Curry N Kebob fills a unique niche among Indian eateries by not featuring the ubiquitous buffet. Most options here cost a buck or two less than typical all-you-can-eat offerings, and service is reasonably fast, permitting those pressed for time to enjoy a subcontinental lunch.
Run by the same folks who operated the Maharaja restaurants in Boulder and Louisville, Curry N Kebob showcases Northern Indian and Bangladeshi fare. This unpretentious eatery features order-at-the-counter service, and meals arrive at the table in traditional metal plates and bowls.
The menu notes that all entrees are gluten-free, and many vegan, vegetarian and halal options are available, so there’s something here to suit just about anyone’s needs. A full a la carte menu spotlights a range of curry and kebobs, including spinach-based saags and tandoori fish skewers. There are lunch and dinner specials featuring a choice of one of a half dozen or so entrees sided with rice, potato turnover, naan flatbread and dessert. At dinner, this combination costs $9.95; at lunch it’s a modest $7.95.
On the day that colleague Joe and I visited for lunch, the choices included spinach and cheese saag paneer, a creamy mushroom mutter, and alugobi, a melange of mixed vegetables. There’s always at least one meatless choice available, although poultry beckoned for both myself and Joe.
By now, some of you may have surmised that my Indian dining beverage of choice is a mango lassi, and this venue’s $2.50 version nicely juggled the tastes of tart yogurt and mellow tropical fruit. It wasn’t too sweet, either, and to its credit, its texture wasn’t too thick — after all, this isn’t a Shamrock shake.
We requested garlic naan with our lunches, and this choice did not disappoint. On occasion, this flatbread comes drenched in enough clarified butter that it flies out of your hands. Not so here, as this example arrived with just the right brushing of ghee and a sprinkling of herbs. Also, some versions come with off-puttingly sharp-tasting slivers of garlic. Here the potentially pungent ingredient was muted into a pleasantly nutty seasoning.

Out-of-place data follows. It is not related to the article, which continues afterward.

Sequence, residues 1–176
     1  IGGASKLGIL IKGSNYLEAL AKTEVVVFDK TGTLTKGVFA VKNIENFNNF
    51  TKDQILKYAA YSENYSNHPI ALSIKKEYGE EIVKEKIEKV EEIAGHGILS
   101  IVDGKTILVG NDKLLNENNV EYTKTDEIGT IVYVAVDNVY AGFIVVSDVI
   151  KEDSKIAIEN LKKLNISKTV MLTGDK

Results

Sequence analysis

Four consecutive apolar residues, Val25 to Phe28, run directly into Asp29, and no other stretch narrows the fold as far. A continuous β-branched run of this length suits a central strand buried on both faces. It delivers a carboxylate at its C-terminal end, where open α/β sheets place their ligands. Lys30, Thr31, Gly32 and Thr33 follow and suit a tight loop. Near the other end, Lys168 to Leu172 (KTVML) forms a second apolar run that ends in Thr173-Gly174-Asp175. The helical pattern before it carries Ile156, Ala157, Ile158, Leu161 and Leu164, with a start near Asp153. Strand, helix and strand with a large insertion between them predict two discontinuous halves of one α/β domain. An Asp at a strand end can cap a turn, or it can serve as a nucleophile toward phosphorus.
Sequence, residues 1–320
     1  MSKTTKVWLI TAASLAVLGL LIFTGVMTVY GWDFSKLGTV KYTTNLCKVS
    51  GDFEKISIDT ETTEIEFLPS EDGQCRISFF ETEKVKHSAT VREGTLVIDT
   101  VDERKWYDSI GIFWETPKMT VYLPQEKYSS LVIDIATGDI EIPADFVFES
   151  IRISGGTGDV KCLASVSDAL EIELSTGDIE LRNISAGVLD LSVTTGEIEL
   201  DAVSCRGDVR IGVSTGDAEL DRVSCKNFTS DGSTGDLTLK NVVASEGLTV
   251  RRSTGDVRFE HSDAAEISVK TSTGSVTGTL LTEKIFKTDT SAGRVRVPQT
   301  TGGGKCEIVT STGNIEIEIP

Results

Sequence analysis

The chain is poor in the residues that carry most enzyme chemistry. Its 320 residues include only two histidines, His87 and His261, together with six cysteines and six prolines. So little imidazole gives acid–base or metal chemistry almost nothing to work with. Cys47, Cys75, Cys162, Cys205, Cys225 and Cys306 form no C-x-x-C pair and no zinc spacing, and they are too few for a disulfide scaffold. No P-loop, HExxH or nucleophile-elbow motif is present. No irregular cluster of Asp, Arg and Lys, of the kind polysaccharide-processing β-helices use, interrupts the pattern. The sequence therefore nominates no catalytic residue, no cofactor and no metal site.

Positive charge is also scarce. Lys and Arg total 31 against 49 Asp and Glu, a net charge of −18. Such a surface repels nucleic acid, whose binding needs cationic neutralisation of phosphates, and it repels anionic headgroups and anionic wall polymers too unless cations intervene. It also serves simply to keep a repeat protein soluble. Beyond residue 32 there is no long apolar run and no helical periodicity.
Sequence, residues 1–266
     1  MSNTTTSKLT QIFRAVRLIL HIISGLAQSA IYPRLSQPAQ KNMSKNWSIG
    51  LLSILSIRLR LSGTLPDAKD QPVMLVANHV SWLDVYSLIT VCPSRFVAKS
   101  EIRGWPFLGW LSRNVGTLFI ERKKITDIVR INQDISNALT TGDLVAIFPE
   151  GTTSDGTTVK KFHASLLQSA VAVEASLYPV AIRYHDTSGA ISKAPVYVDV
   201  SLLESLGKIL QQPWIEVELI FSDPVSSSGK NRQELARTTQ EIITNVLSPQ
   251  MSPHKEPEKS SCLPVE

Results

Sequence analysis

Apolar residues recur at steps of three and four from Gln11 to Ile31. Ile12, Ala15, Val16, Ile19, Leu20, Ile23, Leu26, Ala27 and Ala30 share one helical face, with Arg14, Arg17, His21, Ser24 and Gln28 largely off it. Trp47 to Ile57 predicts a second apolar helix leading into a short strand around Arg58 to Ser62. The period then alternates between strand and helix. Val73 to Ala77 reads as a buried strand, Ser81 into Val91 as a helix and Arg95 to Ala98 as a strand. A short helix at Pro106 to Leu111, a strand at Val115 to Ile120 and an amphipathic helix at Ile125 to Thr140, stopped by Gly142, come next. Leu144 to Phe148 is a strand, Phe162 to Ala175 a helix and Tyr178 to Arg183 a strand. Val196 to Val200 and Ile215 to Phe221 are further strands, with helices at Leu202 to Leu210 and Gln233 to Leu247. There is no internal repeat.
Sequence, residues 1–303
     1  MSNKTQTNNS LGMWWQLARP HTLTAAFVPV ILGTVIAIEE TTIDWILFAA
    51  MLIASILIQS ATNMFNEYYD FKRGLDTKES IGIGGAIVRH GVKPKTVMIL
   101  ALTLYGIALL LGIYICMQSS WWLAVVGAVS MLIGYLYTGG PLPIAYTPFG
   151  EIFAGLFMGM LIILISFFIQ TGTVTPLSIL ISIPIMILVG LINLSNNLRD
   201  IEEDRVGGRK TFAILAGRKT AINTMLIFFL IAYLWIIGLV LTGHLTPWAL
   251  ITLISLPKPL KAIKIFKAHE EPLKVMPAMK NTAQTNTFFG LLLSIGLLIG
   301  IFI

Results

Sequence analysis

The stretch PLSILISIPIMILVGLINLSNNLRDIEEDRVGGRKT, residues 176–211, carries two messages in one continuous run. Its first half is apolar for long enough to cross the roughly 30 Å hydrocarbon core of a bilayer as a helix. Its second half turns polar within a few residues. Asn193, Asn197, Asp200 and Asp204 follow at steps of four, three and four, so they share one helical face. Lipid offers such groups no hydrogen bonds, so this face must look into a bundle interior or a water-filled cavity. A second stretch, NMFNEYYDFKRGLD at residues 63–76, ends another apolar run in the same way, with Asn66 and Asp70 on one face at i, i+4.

Joe’s entree of chicken makhini, also known as butter chicken, was more nuanced than other versions. Built on a base of dairy and tomato, most versions wield their creaminess like a blunt instrument. This interpretation was more nuanced, balancing this dish’s richness with herbal aromas, and it made a fine foil to the perfectly textured and subtly aromatic rice. Another winning side was the crisp and flavorful samosa, stuffed with curried potato.
My chicken vindaloo, served at a medium spicing level, could have used more heat with respect to both temperature and seasoning. Traditionally known for its fiery nature, this dish wasn’t much peppier than Joe’s makhini, although it was tasty.
The included dessert was described as an ambrosia, in this case, creamed fruit cocktail. I suspect I would have been happier with a simple but wellexecuted kheer, or rice pudding.
However, from a value perspective, Curry N Kebob is tough to beat. A less inhibited approach to spicing in some instances would help this eatery up its game, and elevate it to the top echelon of local Indian fare.